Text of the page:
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PDP

The NorCal Player Development Program identifies, develops, and showcases the top motivated and talented players in Northern California.

Tierna Davidson: From PDP to USWNT

Note: This is the second in a series of features profiling former NorCal Premier Soccer Player Development Program players who have moved onto playing at the next level. Read the first here

NorCal Premier Soccer’s Player Development Program was in just its beginning stages when current Stanford and U.S. Women’s National Team defender Tierna Davidson was first identified as a standout player in Northern California.

And though she began on the program’s fringes, the 19-year-old credited her time in the free-of-cost program for helping her develop into player she is now — winner of eight caps and a legitimate shot to earn a spot on next summer’s World Cup team in France.

“I remember that when I first started going, it was kind of in the earlier stages,” Davidson said of the PDP. “It was first trying to get developed, finding the coaches, finding the rhythm of what it was going to look like and I believe that we were one of the first teams to go to a tournament. We went to a Las Vegas showcase and now I see on social media that people are doing bigger and better things now.”

Though the program may have improved, Davidson found value in its ability to gather some of the top players from around the area and feature high-level trainings, even if some of her peers were her De Anza Force teammates.

“Being able to get together with the top players from the area was really helpful to be able to participate in some drills and some scrimmages that were of a higher level, higher speed and required more thinking, more pace, that was just really helpful to be able to hone your skills in that way because you could be at your club and be thriving and be doing really well and then go to an environment in which the pace was a lot higher and you have to think quicker and realize, ‘oh, I still need to work on these things a little bit more,’” Davidson said. “And also, to be able to get coaching from other coaches who were also phenomenal and to get to know them and build those relationships and learn a couple of new things from them as well was fantastic.”

Playing in the program for roughly five years, Davidson saw herself grow from a decently-skilled left winger to a truly world-class player in the center of the park — the center back also credited club coach Andres Deza with helping her grow into the player and person she is now.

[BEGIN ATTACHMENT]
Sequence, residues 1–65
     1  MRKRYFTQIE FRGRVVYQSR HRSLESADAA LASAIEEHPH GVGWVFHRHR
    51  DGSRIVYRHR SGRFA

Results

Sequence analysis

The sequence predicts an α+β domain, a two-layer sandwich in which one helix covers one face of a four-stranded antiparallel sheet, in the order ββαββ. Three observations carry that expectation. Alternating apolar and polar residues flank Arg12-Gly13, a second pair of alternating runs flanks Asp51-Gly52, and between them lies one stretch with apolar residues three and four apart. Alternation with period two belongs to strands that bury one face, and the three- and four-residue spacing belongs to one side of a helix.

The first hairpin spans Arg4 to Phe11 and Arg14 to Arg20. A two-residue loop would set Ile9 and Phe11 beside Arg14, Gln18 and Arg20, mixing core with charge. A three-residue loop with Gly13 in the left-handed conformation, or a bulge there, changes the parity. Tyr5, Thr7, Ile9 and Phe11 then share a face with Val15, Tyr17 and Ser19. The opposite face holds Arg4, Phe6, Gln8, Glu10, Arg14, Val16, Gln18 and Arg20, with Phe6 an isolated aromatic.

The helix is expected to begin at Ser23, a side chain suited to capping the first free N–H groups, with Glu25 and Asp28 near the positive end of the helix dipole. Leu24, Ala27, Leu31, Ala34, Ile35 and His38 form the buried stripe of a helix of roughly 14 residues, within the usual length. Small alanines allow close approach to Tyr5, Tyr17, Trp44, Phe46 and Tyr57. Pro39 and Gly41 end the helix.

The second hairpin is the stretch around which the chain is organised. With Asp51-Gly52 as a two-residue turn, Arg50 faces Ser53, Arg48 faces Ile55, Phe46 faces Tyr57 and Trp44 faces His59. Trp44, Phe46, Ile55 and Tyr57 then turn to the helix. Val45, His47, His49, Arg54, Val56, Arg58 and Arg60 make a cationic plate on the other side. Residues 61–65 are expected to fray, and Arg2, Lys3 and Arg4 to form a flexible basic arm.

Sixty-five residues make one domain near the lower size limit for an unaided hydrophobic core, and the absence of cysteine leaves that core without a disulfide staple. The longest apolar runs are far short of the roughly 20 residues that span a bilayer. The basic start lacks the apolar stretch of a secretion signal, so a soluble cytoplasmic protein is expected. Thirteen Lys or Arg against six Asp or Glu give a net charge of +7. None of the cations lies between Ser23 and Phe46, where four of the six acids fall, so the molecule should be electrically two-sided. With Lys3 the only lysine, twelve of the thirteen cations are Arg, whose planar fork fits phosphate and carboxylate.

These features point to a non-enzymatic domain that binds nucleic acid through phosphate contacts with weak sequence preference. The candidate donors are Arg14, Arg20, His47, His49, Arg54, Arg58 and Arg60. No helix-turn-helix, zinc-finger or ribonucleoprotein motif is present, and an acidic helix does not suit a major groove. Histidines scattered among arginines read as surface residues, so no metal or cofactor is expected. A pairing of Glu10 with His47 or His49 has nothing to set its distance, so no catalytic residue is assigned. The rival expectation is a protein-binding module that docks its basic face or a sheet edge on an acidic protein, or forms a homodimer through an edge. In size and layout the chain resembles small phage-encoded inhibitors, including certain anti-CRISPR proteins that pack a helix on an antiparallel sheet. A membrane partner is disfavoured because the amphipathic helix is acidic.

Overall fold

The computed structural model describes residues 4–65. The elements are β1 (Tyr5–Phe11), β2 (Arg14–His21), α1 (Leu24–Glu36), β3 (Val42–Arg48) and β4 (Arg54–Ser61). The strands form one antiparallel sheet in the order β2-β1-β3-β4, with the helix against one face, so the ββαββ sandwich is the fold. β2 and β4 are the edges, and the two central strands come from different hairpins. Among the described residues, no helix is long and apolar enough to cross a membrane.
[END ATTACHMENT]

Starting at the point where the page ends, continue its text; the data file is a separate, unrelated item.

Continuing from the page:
With multiple offers coming out of high school, Davidson really had her pick of the litter in terms of colleges.

“I actually wanted to get out of California and I wanted to go somewhere different because I thought I might come back to California to live or to get a job so I wanted to go somewhere different in the United States, but then Andres said he really wanted me to look at Stanford because he knew both what I wanted to do academically and athletically,” Davidson said. “Despite the original freshman/sophomore me thinking that I wasn’t going to stay close, I ended up staying 10 minutes away from home.”

From there, Davidson has thrived, starting 46 games for the Cardinal, and leading the program’s 2017 team to its second-ever national title thanks to a 3-2 victory over UCLA.

The then national team came calling, and Davidson has featured as one of the USWNT’s only college players since making her debut in January.

According to Davidson, being part of a regional selection in PDP has helped her transition to the international game in the way that both squads were essentially an all-star group of players rounded up and given little time to train before participating in matches.

“There definitely are the similarities in the fact that you’ll go to a camp and you’ll see one forward that you have to defend and say, ‘oh man, that’s a tough forward,’ or a midfielder that’s super crafty,” she said. “That was the same when I was playing club that we might have been a team that ended up winning a lot of games, but there were always those couple of players from clubs where you were like, ‘that player is a really decent player. I’d love to get to play with her more, or learn from her more.’

“In that sense, it’s kind of similar where you get to meet and interact and learn and play against some players that you wouldn’t get to interact with as much,” she added.

While the undeclared sophomore has yet to decide what she’d like to do for a long-term career, soccer is clearly on her mind at the moment.

“For me, I would like to ride out what soccer has in store for me because in the grand scheme of life, this is a very short period where I can do this,” Davidson said. “I’m not going to be able to be playing soccer when I’m 55 so I would like to take advantage of the time when my body can do this and I have the flexibility to travel to places and to kind of experience more of a mobile lifestyle, but after that, I definitely do want to have a career in the professional working world, wherever that may be.”

As far as that soccer career has to say, though, Davidson certainly has some lofty, but attainable, goals.

“The typical ultimate goal is to play with the full team, to be on the full team,” Davidson said. “I’m getting my foot in the door,  I’m doing the best that I can to make that dream a reality, but honestly, to be an influential and steadfast player in this program would really be a dream come true.”

“I see that the [2019] World Cup could be an option for me if I continue to work on the places that I need to get better at and continue to hone in on my strengths,” she added. “I think that I can realistically put that as a goal for me.”